In terms of renewable energy, a balance needs to be struck. We need oil now, obviously, but the government is making Quebec and Canada dependent on other countries because we cannot benefit from the profits generated by our own production. We cannot reinvest that money because we must import oil from other countries. We cannot—

Financial Statement of the Minister of FinanceThe BudgetGovernment Orders

June 13th, 2011 / 4:45 p.m.

Conservative

The Acting Speaker Conservative Barry Devolin

Order, please. The hon. member for Winnipeg North for questions or comments.

Financial Statement of the Minister of FinanceThe BudgetGovernment Orders

4:45 p.m.

Liberal

Kevin Lamoureux Liberal Winnipeg North, MB

Mr. Speaker, I want to pick up on the member's comments with regard to the importance of social housing.

I, for one, do look at it in terms of what the national government has done over the last few years in that whole field of national housing programs and so forth. I have found it to be wanting.

There seems to be a need to have a national housing policy. The government needs to come forward and start telling Canadians what kind of housing plans it has going into the future.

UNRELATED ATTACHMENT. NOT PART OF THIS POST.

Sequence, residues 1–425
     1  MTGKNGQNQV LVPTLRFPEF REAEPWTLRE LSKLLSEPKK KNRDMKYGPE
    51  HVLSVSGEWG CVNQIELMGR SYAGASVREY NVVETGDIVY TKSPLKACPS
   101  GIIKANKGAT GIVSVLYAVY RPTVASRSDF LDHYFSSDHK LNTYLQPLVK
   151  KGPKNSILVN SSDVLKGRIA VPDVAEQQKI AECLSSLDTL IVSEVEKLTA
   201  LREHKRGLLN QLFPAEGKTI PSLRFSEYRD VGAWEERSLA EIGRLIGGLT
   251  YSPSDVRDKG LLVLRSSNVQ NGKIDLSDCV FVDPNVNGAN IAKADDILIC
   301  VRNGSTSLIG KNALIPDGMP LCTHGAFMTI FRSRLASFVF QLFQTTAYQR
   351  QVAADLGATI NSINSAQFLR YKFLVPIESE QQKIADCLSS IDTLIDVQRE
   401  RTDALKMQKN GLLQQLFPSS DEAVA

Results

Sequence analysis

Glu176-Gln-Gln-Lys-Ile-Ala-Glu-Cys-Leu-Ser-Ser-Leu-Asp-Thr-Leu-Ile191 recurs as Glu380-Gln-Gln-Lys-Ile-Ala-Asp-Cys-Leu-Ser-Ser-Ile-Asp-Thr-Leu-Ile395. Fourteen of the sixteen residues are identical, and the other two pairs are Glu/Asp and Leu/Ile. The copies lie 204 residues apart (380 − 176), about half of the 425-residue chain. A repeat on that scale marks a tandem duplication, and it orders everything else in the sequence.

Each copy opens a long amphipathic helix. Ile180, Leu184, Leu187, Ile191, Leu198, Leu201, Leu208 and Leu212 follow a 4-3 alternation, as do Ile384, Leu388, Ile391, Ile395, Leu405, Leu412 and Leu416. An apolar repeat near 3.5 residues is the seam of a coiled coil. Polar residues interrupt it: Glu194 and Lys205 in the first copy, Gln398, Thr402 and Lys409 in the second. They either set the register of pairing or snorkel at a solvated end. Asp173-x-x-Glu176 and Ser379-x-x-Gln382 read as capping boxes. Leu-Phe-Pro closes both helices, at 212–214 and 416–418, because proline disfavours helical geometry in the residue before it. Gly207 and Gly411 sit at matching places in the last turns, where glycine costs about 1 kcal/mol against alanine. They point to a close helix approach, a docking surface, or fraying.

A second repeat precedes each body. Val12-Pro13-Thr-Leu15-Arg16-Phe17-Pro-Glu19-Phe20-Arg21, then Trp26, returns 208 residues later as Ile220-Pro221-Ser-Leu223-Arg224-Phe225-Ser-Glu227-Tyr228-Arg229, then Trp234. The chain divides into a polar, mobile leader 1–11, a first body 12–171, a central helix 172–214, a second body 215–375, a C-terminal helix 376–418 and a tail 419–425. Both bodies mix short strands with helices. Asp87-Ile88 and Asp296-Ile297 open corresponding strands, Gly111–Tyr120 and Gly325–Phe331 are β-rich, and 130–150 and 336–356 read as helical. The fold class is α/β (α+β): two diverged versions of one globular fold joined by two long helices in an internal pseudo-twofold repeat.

Could the hon. member elaborate on what she believes would be important to national housing? In terms of the federal government's role versus just giving money to the provinces, what role does the member believe Ottawa plays in developing the programs?

Financial Statement of the Minister of FinanceThe BudgetGovernment Orders

4:45 p.m.

NDP

Ève Péclet NDP La Pointe-de-l'Île, QC

Mr. Speaker, I thank the hon. member for the question.

I will answer in French. It is important for the federal government to develop rules for urban development. We do not want social housing to become a ghetto. The government should establish social housing policies, and there should be a balance between condos and social housing. The government should invest in a plan with stricter rules for urban development and, for example, the decontamination of certain sites where social housing could be built.

In my riding, refineries have closed down. The government should decontaminate these sites and then build social housing.

Financial Statement of the Minister of FinanceThe BudgetGovernment Orders

4:45 p.m.

NDP

François Lapointe NDP Montmagny—L'Islet—Kamouraska—Rivière-du-Loup, QC